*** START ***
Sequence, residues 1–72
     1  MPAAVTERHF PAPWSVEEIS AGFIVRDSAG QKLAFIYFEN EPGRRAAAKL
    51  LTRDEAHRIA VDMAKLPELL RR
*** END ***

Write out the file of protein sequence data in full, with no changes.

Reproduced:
Sequence, residues 1–72
     1  MPAAVTERHF PAPWSVEEIS AGFIVRDSAG QKLAFIYFEN EPGRRAAAKL
    51  LTRDEAHRIA VDMAKLPELL RR